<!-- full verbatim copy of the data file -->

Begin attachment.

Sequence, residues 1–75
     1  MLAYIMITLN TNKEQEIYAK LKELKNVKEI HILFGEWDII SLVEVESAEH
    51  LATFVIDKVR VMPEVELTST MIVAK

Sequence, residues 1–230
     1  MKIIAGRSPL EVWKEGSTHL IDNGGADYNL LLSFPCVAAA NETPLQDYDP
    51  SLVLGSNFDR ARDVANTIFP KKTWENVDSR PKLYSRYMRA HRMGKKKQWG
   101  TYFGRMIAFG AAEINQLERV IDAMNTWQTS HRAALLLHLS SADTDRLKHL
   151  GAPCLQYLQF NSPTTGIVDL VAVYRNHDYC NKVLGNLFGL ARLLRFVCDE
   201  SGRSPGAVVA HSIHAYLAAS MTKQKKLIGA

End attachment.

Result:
Sequence, residues 1–75
     1  MLAYIMITLN TNKEQEIYAK LKELKNVKEI HILFGEWDII SLVEVESAEH
    51  LATFVIDKVR VMPEVELTST MIVAK

Sequence, residues 1–230
     1  MKIIAGRSPL EVWKEGSTHL IDNGGADYNL LLSFPCVAAA NETPLQDYDP
    51  SLVLGSNFDR ARDVANTIFP KKTWENVDSR PKLYSRYMRA HRMGKKKQWG
   101  TYFGRMIAFG AAEINQLERV IDAMNTWQTS HRAALLLHLS SADTDRLKHL
   151  GAPCLQYLQF NSPTTGIVDL VAVYRNHDYC NKVLGNLFGL ARLLRFVCDE
   201  SGRSPGAVVA HSIHAYLAAS MTKQKKLIGA